|Sage Grass & Cedars|
|Passing on Family Traits|
by Darrell Thompson
All of our families have traits that are passed down from generation to generation. Most of these traits are expressed in physical characteristics such as stature, good looks, hair color, etc. It can be as great as a son or daughter being the "spitting image" of a parent or a single strongly defined feature such as eyes, nose, mouth, etc.
Sometimes the passed-on trait may not be so much physical but expressed in mannerisms, not inherited in our DNA but learned in our association with those who have strongly influenced our lives. I have seen many young boys imitating the mannerisms of their fathers and grow up so defined by those mannerisms that everyone knows who they are because they knew the father.
Working at the Co-op is a good place to observe many things, especially in people. I have had the opportunity to see people at their best behavior and occasionally some at somewhat below their best, not to say that there is never a circumstance where even that is understandable.
I think that most folks, including myself, tend to let our demeanor vary to some degree depending on what the circumstances are or even dependent on what kind of day we are having. The degree to which we do this can vary from slight to very noticeable in different people. There are also some who are hard to tell what kind of day they are having because they don’t have an outgoing, friendly personality. These are not necessarily unfriendly people but just don’t show their emotions and express their feelings as much as some others do.
Another group of people seem to be always on top of the world with everything going their way. I’m sure they don’t live in an utopian world where everything is perfect. They probably don’t have any better or worse luck than anyone else, but maintain a positive attitude that makes everyone around them feel better.
A few days ago I had the pleasure of waiting on such a person when he visited our Co-op. He was a pleasant, friendly fellow with a voice that conveyed his happiness and contentment. It made me wonder what it would be like to sit near him in church and listen to him sing, if he sang with the same joy and zest that he obviously lived by.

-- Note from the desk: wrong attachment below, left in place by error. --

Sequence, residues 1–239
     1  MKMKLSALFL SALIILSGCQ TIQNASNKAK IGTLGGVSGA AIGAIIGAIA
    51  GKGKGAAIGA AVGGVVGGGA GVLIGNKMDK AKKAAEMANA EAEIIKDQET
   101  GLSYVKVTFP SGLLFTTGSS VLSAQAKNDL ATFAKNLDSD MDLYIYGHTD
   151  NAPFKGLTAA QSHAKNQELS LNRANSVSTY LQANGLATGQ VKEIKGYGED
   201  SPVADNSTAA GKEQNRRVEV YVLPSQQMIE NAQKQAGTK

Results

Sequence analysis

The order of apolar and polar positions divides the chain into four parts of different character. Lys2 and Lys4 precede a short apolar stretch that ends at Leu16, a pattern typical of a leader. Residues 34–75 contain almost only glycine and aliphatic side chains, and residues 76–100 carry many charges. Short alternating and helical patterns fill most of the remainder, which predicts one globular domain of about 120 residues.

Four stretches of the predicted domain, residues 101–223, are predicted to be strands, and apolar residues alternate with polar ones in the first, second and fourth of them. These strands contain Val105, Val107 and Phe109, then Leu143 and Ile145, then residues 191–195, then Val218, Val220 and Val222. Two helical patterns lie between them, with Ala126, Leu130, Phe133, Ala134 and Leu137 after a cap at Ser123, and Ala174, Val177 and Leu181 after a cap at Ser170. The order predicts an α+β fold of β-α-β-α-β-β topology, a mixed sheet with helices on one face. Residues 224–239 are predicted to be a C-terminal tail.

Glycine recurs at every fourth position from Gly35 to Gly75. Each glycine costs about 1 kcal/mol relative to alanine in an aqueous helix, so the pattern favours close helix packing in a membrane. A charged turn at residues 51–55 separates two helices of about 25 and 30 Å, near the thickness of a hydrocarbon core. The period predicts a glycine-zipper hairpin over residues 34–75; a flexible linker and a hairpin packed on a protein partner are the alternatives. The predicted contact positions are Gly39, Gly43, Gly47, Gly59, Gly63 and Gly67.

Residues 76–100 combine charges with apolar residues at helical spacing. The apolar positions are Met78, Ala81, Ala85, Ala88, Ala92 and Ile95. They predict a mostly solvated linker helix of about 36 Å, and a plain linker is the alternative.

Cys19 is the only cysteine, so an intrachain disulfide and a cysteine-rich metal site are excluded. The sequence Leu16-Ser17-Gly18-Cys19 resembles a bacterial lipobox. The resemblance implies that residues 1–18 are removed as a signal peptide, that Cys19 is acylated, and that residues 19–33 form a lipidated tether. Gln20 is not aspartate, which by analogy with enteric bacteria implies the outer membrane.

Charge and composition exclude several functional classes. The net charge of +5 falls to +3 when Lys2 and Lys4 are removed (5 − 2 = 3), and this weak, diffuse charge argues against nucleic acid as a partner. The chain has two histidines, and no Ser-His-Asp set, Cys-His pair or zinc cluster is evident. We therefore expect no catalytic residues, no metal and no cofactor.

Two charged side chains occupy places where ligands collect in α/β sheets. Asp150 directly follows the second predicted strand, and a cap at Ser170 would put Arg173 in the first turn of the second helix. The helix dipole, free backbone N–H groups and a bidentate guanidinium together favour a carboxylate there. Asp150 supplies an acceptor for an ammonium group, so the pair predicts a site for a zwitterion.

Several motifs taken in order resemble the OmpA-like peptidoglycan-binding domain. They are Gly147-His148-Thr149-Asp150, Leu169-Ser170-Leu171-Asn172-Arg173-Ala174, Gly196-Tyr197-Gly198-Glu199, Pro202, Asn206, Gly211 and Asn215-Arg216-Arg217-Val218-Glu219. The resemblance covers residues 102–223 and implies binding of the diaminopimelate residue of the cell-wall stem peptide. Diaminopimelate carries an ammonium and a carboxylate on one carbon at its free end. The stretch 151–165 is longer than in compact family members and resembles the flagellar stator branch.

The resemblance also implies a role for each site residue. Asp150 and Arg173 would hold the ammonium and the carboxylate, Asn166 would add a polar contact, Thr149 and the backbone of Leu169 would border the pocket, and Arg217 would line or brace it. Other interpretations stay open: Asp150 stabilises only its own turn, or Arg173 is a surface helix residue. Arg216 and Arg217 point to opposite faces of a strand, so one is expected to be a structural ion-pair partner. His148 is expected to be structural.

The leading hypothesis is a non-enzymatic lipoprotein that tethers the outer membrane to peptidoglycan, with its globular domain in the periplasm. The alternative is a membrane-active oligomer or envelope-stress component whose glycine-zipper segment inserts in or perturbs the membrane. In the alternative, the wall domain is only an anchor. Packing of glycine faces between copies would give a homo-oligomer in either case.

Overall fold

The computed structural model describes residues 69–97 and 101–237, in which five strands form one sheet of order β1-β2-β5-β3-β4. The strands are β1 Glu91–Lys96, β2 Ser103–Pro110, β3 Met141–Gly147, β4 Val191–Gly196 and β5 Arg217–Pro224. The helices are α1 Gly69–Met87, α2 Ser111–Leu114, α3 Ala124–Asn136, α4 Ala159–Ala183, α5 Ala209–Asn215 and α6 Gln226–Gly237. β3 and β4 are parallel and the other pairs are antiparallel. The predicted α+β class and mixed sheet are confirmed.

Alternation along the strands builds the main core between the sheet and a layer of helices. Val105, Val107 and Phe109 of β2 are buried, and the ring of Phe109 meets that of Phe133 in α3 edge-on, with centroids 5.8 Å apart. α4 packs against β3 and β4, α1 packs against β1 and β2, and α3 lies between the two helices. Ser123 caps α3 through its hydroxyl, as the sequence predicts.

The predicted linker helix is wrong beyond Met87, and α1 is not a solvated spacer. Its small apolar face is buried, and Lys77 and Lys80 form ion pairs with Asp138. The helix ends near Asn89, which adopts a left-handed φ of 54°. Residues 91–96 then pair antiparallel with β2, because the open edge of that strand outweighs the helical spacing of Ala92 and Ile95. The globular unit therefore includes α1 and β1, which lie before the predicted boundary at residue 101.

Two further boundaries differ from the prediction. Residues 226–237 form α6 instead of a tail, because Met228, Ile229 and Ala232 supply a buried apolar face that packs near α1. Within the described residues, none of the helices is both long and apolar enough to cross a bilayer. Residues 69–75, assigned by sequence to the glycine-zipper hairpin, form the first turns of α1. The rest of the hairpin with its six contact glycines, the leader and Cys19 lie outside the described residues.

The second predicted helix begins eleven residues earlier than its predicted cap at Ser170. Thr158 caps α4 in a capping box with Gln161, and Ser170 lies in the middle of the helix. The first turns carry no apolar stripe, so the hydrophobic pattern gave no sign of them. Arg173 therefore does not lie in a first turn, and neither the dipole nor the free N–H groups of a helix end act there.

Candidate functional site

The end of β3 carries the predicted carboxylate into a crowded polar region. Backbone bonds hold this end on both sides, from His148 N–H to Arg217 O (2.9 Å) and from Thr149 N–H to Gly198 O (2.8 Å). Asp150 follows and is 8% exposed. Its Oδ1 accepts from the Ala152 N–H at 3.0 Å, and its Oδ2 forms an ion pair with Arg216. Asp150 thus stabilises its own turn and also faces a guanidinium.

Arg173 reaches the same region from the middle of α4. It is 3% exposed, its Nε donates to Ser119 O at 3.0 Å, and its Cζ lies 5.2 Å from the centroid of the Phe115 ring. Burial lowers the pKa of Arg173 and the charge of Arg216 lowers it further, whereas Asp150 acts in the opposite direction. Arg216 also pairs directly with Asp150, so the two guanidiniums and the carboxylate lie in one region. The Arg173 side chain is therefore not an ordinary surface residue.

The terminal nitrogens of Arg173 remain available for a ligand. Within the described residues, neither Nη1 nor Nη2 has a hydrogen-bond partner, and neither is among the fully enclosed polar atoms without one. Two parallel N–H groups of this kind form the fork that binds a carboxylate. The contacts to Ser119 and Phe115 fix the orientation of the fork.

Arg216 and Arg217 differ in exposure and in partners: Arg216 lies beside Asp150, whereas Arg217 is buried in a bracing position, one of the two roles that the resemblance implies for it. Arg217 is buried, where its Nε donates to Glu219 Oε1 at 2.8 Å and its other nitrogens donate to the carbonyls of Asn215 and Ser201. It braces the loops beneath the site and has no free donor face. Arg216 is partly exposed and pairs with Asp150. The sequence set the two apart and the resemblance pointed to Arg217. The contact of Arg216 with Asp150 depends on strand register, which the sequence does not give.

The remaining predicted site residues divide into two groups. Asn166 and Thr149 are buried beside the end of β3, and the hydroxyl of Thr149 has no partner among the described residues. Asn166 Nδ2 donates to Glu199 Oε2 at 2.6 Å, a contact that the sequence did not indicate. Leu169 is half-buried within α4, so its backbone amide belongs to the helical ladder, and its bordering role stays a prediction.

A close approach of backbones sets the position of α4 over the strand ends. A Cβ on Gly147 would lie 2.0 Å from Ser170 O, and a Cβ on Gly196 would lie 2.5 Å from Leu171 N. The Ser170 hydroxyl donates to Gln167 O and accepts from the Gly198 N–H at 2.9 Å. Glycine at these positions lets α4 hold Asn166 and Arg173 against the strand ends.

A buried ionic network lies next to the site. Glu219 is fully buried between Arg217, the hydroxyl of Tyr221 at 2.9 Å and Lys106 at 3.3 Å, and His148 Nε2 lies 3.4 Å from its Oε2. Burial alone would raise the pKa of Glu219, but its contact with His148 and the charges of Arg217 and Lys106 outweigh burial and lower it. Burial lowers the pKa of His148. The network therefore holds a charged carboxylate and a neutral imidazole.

It turned out that he was raised in the area but had lived for quite a few years in a neighboring state and, I gathered, was in the process of moving back. Before he could conduct his business and leave the store, several more people had stopped him to talk about old times. Most recognize him only because he was the spitting image of his father. As he was leaving, I realized how obvious it was that he fit in with other members of his family that I knew.
His father had been very active in Co-op affairs many years ago until his death perhaps fifteen years or so ago. He also was a person who was always overflowing with friendliness and a positive attitude. It made no difference what the situation was; he was the same during good crops, bad crops, times of plenty and times of hardship. He was a family leader who led by example and his influence was felt throughout his whole family. This trait he had and was passing on probably did not originate with him because there are brothers and cousins (that I know of) exhibiting the same family traits. If that is not good enough, the trait seemed to pass on even into people that married into the family. Of course, it could be that family members just refused to marry anyone who did not conform into these family values that have been handed down.
Meeting this young man and realizing that I should have at least known by his mannerisms what family he belonged to made me wonder about what kind of traits I’m passing on. Of course, with my children practically all grown, it is a bit late to begin wondering about such things. Years from now, will people who know me recognize anything that reminds them of me by traits in my children or grandchildren? If so, what will those traits be…anger or calmness, honesty or dishonesty, friendliness or rudeness? There is a long list of possible attributes.
I think all families have those individuals who exhibit traits other family members would like to emulate. I’m thankful there are and have been some such individuals in my own family that I can feel that way about. My mother is far from the least of these. She was diagnosed with pancreatic cancer last October and has since became a diabetic and suffered a stroke which has rendered her partially paralyzed, bedfast and unable to talk. Her courage, perseverance, patience and ability to smile through it all are qualities that I hope some day will be evident in myself to those who knew her. Perhaps someday someone will say "I should have known you were Margaret Thompson’s son."
Darrell Thompson is the Moulton store manager of Lawrence County Exchange.